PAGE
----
Saturday, March 20, 2010
Here are the steps I followed, more or less:
1. Obtained Windows NT Server media, Windows 2000 server media, and Windows 2003 R2 32bit media
2. I migrated the existing NT 4 server to a VMware server 1 VM (the company only had a single VMware server running on CentOS 5.2. I used VMware converter version 3.x (version 4 does not support NT 4.)
2a. I had some time on my hands, so I simulated the whole thing with a copy of the VM I created in step 3. I did the entire migration on virtual machines before continuing on site.
2b. I created a snapshot of the virtual NT 4 PDC.
2c. I set up an additional DNS server on another box (a windows 2003 server) and made it the primary DNS server. It is possible to use Bind 9, but the client did not have enough unix infrastructure to make that practical.
3. I created a Win NT BDC as a VM on Sun VirtualBox 3.x. I created a single disk of less than 4GB (I made it 3.8GB.) The disk did not need to be huge. I was not intending for this VM to be around long term. This worked fairly well. I originally tried to create it using VMware Workstation 7.x, but had several annoying problems, so I just used VirtualBox. The NIC on the VM was bridged. I gave it a static IP and put it in DNS.
4. I promoted the VM I created in step 3 to be the PDC (using the server manager on the original NT 4 PDC.
5. I created a snapshot of the new NT 4 PDC
6. I upgraded the new PDC to Windows 2000. I ran into some problems with the VM crashing (VirtualBox crashing, to be precise.) I stopped the crashing by disabling all virtualization extensions on the VirtualBox config for the VM. At any rate, this created an Active directory installation. I pointed DNS to the win2003 server I mentioned in step 2c.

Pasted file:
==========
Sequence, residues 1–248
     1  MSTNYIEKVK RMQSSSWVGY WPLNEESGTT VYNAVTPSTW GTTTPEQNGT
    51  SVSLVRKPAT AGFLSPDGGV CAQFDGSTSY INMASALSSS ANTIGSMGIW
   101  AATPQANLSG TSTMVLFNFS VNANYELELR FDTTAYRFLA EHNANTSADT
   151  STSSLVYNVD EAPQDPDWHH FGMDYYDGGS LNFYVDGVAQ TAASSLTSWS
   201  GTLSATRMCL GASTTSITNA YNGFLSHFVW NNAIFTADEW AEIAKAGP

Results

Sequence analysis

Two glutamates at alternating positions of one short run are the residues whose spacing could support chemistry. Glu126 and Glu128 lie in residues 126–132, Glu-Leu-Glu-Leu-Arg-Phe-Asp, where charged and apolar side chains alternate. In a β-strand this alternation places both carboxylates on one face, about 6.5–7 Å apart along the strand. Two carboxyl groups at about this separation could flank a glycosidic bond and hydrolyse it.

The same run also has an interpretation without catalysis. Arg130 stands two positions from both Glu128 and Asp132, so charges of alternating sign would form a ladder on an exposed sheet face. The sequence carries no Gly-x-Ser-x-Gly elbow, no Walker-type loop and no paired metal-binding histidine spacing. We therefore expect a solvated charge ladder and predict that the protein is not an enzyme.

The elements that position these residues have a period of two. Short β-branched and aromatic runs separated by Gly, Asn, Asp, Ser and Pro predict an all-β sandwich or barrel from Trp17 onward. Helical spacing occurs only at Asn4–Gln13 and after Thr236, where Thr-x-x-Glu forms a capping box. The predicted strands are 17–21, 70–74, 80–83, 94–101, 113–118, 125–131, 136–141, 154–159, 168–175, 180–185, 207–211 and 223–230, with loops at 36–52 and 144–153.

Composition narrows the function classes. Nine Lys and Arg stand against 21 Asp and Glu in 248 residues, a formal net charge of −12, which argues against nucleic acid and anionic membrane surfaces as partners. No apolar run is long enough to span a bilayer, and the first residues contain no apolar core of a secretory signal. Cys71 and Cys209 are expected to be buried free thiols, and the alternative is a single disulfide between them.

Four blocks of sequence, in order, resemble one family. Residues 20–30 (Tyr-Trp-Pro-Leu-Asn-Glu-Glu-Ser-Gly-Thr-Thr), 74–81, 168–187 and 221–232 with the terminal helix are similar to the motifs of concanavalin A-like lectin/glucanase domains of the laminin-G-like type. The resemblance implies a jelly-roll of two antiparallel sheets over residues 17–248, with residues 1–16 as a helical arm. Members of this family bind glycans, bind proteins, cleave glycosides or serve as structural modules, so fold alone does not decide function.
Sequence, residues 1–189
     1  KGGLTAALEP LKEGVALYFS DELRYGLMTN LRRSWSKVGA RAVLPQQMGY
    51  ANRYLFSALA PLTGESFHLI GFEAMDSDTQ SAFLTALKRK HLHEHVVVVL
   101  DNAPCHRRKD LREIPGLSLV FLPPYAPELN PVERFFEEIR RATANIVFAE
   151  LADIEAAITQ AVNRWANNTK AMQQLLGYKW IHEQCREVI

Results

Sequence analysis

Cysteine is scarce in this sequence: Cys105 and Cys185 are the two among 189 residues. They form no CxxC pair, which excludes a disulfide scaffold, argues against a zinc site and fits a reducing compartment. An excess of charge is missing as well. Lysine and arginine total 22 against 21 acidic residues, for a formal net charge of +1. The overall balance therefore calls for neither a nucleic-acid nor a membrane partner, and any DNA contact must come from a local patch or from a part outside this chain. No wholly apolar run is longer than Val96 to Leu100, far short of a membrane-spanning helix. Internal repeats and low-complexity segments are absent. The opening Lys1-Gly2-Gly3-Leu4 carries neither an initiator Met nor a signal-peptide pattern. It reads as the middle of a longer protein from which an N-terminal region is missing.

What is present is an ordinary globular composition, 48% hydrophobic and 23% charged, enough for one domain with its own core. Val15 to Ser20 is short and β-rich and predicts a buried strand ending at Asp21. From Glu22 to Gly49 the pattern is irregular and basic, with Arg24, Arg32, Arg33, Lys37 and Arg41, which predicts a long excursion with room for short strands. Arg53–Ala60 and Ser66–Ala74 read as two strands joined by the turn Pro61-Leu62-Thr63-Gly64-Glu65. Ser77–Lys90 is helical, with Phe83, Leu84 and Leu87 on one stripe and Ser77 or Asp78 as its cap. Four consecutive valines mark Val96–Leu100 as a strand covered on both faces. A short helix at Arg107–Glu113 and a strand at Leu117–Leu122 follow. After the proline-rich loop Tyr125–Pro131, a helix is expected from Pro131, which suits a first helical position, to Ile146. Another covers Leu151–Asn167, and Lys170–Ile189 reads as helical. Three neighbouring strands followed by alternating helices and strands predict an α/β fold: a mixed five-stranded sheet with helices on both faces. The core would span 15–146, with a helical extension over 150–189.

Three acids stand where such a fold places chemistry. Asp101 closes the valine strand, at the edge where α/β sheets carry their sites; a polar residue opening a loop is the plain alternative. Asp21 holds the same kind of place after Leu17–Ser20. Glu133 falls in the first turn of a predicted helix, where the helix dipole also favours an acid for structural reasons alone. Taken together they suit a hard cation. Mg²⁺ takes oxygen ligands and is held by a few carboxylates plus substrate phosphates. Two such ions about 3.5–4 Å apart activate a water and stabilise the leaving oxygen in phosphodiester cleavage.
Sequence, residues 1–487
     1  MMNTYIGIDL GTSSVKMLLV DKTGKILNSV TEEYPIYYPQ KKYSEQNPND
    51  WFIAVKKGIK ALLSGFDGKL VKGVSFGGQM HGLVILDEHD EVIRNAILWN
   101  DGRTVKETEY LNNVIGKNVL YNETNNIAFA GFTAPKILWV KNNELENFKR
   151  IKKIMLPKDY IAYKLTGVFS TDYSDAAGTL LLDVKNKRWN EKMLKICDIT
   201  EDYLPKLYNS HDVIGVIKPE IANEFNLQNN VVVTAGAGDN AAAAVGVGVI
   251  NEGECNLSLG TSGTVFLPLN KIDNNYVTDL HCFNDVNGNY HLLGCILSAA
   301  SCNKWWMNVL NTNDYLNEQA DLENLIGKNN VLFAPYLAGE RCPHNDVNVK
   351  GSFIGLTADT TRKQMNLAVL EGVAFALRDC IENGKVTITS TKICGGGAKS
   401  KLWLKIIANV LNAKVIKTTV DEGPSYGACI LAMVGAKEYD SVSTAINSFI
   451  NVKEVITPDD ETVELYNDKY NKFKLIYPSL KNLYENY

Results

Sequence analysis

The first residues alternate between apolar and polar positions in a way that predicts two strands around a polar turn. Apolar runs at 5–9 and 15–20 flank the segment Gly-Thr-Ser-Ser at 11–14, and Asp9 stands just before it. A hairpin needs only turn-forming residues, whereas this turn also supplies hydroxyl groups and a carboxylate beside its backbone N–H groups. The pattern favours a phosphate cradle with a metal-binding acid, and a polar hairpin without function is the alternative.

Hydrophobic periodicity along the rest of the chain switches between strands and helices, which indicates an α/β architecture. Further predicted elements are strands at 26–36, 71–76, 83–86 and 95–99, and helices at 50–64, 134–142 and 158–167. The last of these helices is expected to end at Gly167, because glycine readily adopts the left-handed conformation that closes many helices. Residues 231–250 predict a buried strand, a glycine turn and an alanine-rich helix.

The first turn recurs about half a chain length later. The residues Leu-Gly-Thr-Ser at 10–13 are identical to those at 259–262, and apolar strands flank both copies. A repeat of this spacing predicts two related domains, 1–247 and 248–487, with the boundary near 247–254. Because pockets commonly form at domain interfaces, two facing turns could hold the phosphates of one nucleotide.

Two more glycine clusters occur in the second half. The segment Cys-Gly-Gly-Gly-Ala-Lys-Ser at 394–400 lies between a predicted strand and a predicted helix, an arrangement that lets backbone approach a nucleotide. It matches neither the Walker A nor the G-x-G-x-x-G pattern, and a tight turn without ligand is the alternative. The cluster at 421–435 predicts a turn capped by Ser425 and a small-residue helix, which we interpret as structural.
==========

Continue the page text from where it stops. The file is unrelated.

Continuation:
8. After the upgrade and Active directory creation, I made the new win2000 box the primary dns server for the zone. Once I had transferred the zone successfully, I changed the zone to be active directory integrated.
9. I applied Windows 2000 Service pack 4 and all relevant updates ( I had to install IE 6 sp1 to get windows update to work correctly.)
10. I ran adprep /forestprep on the new windows 2000 domain controller. Adprep was located on the second disc of Windows 2003 R2 32bit in the directory CMPNENTS\R2\ADPREP.
11. I ran adprep /domainprep and adprep /domainprep gpprep on the Windows 2000 domain
At this point, I had a Windows 2000 domain. I could safely delete the NT 4 BDC and shut it down. I left it around, as there were a few files to grab.
12. I then ran dcpromo on the Windows 2003 box I mentioned earlier, and made it an additional DC.
13. I made the windows 2003 R2 dc a global catalog server.
I haven't had time to go back and finish up (add another Windows 2003 R2 box (or even Windows 2008 R2)) yet. I verified that filesharing and login worked, of course.
Thursday, March 11, 2010
What should happen is that the RD session should drop after the application closes. What often happens is that the user sees a blue screen for up to two or three minutes, then the session completely drops.
I figured out the cause by using the Remote Desktop Services Manager. I launched a client session that launched the 32bit app upon login. I then closed the application, and the session hanged. Looking in the RD Services Manager, I noticed that there was a service from the session called "splwow64.exe." I killed that process, and the session dropped.
The fix is pretty simple. It requires a regedit. Perform this regedit at your own risk! You should backup the registry before you start.
Navigate to the registry key:
Add the following 32 bit DWORD:
and set the value to 0
The fix worked instantly, at least for me. Your results may vary, of course. As far as I understand, you can create other dword values in there to terminate other programs that are stalling the exit of remote desktop sessions.
Apparently, splwow64.exe is used in thunking (in this context, converting memory addresses from 32 bit to 64 bit.)